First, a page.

When is it more effective to appeal to reason or to emotion?
Reason: Systematic Habit/Emotion: Heuristic
Occurs when a person's attitudes or beliefs are influenced by a communication from another person
-The process by which attitudes or beliefs are changed by appeals to reason and logic -Assumes that people will be more persuaded when evidence and arguments are strong rather than weak
-The process by which attitudes or beliefs are changed by appeals to habit or emotion -Assumes that people will often use simple heuristics (simple short cuts or rules of thumb) to help them decide whether to believe a communication
Why do we care about being consistent?
-We are motivated to be accurate and because consistency is a rough measure of accuracy, we are motivated to be consistent as well because people will be more likely to believe us
-A technique that involves a small request followed by a larger request -EX. asking to sign a petition for safe driving then asking to put an ugly sign in their yard
-An unpleasant state that arises when a person recognizes the inconsistency of his or her actions, attitudes, or beliefs -When people feel this way they try to alleviate the feeling by changing their actions, attitudes, or beliefs -Sometimes we value things BECAUSE we paid for them
What happens when we are inconsistent?
-We can justify them with large consistencies -We change our beliefs (cognitive dissonance) to be consistent
The processes by which people come to understand others based on the categories to which people belong and the things they do and say
-The process by which we draw inferences about others based on knowledge of the categories to which they belong -Four properties: inaccurate, overused, self-perpetuating, automatic
Why are stereotypes useful?
-They allow us to make inferences about people that we have never met before -EX. you offer a kid candy not a cigar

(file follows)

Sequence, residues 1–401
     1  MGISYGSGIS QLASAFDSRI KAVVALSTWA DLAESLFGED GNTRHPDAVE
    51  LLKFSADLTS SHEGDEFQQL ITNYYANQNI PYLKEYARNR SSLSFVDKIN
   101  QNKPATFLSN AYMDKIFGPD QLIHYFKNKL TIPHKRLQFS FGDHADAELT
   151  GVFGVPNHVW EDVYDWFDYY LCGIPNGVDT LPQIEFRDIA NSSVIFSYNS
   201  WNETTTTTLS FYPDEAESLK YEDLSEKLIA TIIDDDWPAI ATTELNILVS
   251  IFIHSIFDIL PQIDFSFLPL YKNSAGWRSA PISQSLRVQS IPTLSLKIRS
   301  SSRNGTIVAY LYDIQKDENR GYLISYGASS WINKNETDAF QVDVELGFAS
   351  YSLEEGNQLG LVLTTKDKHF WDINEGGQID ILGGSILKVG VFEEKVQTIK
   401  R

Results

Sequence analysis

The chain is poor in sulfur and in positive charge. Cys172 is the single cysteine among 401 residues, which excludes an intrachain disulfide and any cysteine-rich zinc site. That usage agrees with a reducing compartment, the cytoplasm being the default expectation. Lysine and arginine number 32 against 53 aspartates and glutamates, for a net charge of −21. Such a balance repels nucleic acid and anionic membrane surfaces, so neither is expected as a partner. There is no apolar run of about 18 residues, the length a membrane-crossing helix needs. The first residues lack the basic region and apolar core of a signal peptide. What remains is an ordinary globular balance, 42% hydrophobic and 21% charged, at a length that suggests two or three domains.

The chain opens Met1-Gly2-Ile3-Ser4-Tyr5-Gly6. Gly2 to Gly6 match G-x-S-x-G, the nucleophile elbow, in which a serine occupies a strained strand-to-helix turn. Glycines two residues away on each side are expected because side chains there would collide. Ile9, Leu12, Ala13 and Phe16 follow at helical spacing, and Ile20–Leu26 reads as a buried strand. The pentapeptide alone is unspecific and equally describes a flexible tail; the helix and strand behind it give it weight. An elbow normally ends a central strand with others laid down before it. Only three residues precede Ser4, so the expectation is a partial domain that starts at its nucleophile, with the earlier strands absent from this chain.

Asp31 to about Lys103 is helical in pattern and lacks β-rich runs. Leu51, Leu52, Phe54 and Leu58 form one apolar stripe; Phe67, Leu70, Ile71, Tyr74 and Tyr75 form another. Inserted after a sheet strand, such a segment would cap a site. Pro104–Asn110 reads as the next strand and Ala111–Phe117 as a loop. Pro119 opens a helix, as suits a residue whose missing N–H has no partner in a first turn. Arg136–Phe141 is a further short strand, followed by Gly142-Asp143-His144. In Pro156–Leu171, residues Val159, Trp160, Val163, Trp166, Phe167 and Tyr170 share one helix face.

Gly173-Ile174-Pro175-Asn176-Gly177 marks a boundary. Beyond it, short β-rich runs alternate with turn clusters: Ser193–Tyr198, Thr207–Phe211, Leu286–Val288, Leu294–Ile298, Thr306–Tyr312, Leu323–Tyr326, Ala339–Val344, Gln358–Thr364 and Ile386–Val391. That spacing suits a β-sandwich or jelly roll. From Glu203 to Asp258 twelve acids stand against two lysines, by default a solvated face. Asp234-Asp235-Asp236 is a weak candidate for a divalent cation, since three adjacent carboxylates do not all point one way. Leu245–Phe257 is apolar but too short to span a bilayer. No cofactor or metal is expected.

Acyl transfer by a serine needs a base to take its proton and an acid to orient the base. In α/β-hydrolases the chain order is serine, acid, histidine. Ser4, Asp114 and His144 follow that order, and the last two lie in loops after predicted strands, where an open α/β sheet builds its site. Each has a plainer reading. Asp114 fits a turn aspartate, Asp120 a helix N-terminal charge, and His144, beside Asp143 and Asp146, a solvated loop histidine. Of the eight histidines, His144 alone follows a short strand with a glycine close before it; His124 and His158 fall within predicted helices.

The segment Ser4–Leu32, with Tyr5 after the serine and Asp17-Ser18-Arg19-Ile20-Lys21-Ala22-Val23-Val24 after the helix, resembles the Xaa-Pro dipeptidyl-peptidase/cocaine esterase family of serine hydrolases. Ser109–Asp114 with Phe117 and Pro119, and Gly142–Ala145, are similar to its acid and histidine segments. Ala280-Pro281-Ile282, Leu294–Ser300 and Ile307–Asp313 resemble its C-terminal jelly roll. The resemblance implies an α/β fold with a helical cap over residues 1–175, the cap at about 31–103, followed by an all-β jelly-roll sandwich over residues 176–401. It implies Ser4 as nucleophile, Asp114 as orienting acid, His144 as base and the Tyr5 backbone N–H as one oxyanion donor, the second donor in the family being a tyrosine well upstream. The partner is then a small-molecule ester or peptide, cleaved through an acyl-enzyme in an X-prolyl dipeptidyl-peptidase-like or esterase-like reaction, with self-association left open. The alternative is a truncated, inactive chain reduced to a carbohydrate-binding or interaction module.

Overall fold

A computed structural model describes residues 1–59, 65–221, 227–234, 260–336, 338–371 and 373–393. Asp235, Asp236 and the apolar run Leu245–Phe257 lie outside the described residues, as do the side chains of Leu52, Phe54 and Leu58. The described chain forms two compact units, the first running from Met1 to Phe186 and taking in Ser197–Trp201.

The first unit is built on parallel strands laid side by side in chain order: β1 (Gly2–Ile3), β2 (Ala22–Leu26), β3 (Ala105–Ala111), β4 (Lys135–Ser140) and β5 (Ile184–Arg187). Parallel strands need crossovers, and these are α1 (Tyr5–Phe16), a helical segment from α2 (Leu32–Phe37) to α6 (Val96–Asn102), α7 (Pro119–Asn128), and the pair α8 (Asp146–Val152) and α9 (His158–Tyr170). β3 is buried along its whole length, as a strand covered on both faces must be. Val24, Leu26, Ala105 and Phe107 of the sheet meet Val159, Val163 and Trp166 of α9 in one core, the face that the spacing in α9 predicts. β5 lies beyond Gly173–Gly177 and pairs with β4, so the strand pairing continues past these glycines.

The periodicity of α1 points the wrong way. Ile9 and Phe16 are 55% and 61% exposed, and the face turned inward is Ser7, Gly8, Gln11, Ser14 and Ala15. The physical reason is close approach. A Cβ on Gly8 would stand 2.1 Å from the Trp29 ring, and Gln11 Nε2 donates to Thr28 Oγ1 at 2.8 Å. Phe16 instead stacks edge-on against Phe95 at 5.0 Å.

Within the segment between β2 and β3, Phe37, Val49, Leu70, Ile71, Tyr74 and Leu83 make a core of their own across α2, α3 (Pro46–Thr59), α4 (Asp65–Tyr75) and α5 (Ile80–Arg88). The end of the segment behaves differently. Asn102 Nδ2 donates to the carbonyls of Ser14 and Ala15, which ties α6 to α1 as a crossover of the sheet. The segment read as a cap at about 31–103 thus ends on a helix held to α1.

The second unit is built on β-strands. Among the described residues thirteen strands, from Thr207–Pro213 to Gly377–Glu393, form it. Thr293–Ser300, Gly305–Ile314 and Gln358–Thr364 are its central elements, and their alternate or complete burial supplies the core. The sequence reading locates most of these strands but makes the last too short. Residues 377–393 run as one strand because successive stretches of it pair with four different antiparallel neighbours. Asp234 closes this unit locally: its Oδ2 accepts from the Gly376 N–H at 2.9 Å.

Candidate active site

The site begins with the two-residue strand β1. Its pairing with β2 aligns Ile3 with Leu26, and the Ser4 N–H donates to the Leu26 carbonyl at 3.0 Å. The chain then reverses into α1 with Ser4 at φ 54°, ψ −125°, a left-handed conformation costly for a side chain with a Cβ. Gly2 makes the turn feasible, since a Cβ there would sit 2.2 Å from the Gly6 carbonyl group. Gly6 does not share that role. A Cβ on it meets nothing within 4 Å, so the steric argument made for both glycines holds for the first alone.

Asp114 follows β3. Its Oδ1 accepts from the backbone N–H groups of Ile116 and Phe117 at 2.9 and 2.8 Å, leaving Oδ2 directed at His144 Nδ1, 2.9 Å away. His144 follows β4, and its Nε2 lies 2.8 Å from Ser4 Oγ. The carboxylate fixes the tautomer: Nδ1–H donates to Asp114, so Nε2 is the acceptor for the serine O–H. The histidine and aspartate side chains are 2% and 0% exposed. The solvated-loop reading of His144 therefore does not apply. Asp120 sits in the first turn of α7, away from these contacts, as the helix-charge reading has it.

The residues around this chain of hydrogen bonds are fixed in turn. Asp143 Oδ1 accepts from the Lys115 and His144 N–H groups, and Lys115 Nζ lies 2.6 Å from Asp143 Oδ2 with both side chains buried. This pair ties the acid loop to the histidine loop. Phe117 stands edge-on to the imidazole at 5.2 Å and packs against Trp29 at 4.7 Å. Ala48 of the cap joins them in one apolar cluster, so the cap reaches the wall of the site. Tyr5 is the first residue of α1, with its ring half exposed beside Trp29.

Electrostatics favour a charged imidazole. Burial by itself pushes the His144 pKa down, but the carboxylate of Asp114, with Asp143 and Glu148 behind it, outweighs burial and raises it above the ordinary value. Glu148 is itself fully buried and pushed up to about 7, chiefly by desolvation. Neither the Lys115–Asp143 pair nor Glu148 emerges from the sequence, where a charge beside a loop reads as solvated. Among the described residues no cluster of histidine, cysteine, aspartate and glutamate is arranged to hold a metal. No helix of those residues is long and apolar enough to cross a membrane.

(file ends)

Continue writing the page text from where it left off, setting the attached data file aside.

The process by which people identify a stimulus as a member of a class of related stimuli
Why aren't stereotypes changed by experience?
-Even when we directly observe people we can end up with inaccurate beliefs about the groups to which they belong -EX. we associate rare events with rare people which is why the majority group associates crimes (rare) with minorities (also rare)
How does categorization warp perception?
-The mere act of categorizing a stimulus tends to warp our perceptions of that category's variability -EX. We tend to underestimate variability within categories and overestimate variability between categories -When we underestimate the variability of a human category we overestimate how useful our stereotypes can be
In what way are stereotypes like viruses?
Once they take up residence inside us, they perpetuate themselves and resist even our most concerted efforts to eradicate them
-The tendency for people to see what they expect to see -Stereotypes perpetuate themselves in part by biasing our perception of individuals, leading us to believe that those individuals have confirmed our stereotypes even when they have not
-The tendency for people to cause what they expect to see
-Fear of confirming an observer's stereotype -Occurs when people know that observers have a negative stereotype about them